Exploring career development through a student-directed practicum to provide individualized learning experiences

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Currents in Pharmacy Teaching and Learning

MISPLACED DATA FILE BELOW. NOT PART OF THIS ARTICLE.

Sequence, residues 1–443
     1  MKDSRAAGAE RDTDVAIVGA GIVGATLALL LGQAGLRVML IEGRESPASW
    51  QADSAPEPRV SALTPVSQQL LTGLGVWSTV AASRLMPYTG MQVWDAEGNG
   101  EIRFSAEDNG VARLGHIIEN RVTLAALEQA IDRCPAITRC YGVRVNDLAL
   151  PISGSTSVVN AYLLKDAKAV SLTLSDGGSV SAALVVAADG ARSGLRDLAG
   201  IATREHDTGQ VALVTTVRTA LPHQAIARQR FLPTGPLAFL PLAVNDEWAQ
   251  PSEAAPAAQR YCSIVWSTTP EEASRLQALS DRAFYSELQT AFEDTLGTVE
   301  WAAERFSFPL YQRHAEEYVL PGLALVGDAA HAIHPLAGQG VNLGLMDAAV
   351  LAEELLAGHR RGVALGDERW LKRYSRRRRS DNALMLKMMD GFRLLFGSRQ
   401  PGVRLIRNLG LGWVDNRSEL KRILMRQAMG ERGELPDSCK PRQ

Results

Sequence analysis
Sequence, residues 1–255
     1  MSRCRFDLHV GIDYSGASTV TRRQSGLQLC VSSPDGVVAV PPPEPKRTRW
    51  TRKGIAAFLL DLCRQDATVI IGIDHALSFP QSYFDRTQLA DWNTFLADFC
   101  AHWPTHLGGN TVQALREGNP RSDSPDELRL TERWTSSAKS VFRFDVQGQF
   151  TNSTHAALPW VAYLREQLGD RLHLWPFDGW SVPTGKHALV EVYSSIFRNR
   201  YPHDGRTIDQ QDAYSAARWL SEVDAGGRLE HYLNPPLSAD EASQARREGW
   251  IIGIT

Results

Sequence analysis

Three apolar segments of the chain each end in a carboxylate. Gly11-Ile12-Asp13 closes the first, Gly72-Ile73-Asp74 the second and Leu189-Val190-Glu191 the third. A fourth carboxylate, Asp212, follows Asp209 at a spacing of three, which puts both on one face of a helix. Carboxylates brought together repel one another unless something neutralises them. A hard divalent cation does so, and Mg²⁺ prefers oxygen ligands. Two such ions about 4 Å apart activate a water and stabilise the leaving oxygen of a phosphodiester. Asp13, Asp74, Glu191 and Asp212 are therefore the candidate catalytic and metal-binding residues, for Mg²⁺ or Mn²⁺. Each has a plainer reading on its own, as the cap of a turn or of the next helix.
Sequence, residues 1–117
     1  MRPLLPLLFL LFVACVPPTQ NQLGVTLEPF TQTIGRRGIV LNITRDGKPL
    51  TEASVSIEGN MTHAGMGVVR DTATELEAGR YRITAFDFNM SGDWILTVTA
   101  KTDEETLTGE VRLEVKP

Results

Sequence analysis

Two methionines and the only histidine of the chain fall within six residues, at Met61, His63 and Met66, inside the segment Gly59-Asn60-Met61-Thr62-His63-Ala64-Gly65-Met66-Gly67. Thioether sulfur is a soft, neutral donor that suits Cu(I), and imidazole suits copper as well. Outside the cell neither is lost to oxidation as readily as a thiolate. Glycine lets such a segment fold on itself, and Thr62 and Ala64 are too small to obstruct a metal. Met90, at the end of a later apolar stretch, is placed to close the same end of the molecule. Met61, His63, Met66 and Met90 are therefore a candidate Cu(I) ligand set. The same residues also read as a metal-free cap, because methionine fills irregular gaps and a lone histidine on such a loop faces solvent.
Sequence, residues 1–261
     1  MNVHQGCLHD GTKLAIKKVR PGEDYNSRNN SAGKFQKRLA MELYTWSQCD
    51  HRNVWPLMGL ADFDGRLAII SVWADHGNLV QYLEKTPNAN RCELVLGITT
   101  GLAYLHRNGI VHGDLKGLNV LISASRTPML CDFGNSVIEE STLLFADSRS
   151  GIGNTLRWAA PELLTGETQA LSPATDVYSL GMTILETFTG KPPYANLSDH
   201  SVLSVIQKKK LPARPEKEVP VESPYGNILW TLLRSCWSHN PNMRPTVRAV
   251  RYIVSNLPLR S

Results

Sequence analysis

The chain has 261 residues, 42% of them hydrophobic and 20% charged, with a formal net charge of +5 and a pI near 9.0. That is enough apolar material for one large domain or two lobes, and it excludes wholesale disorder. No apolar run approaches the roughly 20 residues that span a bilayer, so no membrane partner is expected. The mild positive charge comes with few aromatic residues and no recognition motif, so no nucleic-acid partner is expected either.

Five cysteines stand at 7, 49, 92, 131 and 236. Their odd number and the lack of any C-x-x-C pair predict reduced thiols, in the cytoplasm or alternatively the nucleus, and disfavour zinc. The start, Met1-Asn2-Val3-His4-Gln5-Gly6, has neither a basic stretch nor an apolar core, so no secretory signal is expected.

Introduction: The primary objective was to assess the impact of an optional student-directed career development program on career and professional development between the second and third year of a doctor of pharmacy curriculum. Methods: Students who completed the student-directed practicum (SDP) completed a nine item pre−/post-survey assessing its impact on their career development within the learning constructs of discovery, application, and reflection. Additional open-ended questions assessed why students participated in the SDP and their perceived benefits of doing so. An additional questionnaire regarding the impact of the practicum was conducted at graduation. Quantitative data were analyzed with Wilcoxon signed-rank test for the pre−/post-survey and descriptive statistics for the graduation survey while qualitative data used a two-cycle open coding process. Results: Statistically significant increases were noted with those responding with “agree” or “strongly agree” to each of the nine statements in the pre−/post-survey. Students participated to further explore career options, and believed doing so resulted in enhanced career direction and future employability. The graduation survey showed those participating in the SDP had a higher rate of: postgraduate placement (86% vs. 77%), receiving ≥ five residency interview offers (81% vs. 69%), and first or second choice residency match (92% vs. 85%) compared to those who completed an internship outside of the SDP. Students commented that the SDP was a valuable part of their education and helped them take the next steps for their career. Conclusions: A student-directed career development experience can positively impact student's career direction and professional development.

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